The cars we loved.
The Mercury Cougar was first introduced in 1967 along side the Mustang from which it was based. Over time it had grown in size and weight to become a nearly full sized personal luxury coupe during the seventies. During the eighties, the car had become smaller in response to demands for more fuel efficient cars, but it was still larger than it was when it debuted.
By 1998, after a two model year absence, the eighth generation Contour based Cougar arrived. It was noticeably smaller than any previous Cougar and was a direct response to the dwindling market for big floaty coupes that the Cougar catered to previously. The current market for sporty coupes was now ruled younger people who preferred cars like the Celica, Prelude and Eclipse.
The Cougar was thoroughly modern with a 24-valve DOHC V6 engine and a fully independent multilink suspension. Enem it’s smaller 4 cylinder engine used DOHC technology and advanced fuel saving methods. The design was all new and a first for Fords (then new) “New Edge” design philosophy. The hard-edged sculpted curves and angles inspired by Ford’s European Puma, was unlike anything on the road. Eventually it became the basis for Focus and even influenced the Mustang.
It’s design divided the press, but the car’s performance eventually won over many fans. When equipped with the Sport Package, a Cougar came with 16” rims and other parts from the Contour SVT. One of the Sport Package’s biggest draws was it’s ungovernered top speed of nearly 150 mph. with the V6. All Cougars were well-appointed with comfortable sport seats and glow in the dark controls that gave the car some luxury flair.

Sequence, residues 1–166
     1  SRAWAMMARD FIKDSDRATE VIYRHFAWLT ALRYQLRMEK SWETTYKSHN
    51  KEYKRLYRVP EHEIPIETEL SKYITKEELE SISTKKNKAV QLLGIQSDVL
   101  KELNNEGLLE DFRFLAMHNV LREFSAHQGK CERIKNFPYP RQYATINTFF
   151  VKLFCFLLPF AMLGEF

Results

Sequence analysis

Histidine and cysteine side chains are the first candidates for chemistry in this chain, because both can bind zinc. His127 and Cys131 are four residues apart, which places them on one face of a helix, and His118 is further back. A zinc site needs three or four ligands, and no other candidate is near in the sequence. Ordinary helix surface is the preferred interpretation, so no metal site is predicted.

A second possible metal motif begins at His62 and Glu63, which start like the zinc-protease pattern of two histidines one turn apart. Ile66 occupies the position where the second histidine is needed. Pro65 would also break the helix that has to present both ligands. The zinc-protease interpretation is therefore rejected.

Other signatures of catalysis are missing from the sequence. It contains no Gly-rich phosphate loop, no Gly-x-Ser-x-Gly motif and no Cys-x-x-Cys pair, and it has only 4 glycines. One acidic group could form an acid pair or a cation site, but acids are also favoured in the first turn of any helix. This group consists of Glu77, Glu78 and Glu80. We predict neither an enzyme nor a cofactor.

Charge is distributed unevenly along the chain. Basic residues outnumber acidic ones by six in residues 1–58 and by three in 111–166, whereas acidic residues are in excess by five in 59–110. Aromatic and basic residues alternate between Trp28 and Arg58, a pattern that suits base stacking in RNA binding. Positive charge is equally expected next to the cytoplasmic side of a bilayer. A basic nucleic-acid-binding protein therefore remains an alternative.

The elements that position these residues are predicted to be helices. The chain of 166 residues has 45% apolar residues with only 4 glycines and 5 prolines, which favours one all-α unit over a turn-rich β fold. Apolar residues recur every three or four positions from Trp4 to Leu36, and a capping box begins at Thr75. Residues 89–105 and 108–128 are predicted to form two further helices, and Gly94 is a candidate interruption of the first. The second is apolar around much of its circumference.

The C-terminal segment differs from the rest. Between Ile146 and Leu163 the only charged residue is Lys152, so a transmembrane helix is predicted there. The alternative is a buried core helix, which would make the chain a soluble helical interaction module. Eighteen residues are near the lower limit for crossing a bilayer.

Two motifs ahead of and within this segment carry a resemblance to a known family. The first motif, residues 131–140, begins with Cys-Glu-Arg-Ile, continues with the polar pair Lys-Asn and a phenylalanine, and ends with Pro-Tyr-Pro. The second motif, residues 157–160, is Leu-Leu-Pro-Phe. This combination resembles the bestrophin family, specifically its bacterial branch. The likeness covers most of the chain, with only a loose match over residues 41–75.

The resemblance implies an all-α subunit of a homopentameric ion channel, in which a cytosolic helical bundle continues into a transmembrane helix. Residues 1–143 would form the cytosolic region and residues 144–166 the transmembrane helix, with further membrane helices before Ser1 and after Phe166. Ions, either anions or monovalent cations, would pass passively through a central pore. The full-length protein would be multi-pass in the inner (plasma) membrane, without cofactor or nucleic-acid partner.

The Cougar was offered with two engines the 170 hp Duratec V6 mentioned above and a 2.0 l Zetec 4 cylinder with 130 hp. Transmissions ranged from a standard 4 speed automatic to a 5 speed manual. Nearly all the 4 cylinder cars were automatic, as they were the most popular with buyers.
The legacy of bigger is beautiful caught up with Mercury dealers, as they had little experience selling to the younger buyer who came into a showroom filled with older people looking at Sables and Grand Marquis. To drum up interest and boost sales, Mercury offered many special paint and appearance packages. Mercury even went so far as to introduce the “Cougar S” concept car. The “S” offered a beefed up V6 making 215 hp to all four wheels. Many of its components were directly from the Contour SVT. Although the S model was never produced, many of its parts were readily available at Ford dealerships.
A small refreshing in 2001 took some of the edge off the “New Edge “ design, but was not enough to stem the tide of declining sales. It was all too little too late, as the Cougar was canceled in 2003. Mercury has a long track record of poor marketing to the younger demographic with the Capri and later the Merkur. Now with the current Mustang a solid success, will Mercury try marketing a new Cougar? I hope so. The third time is the charm.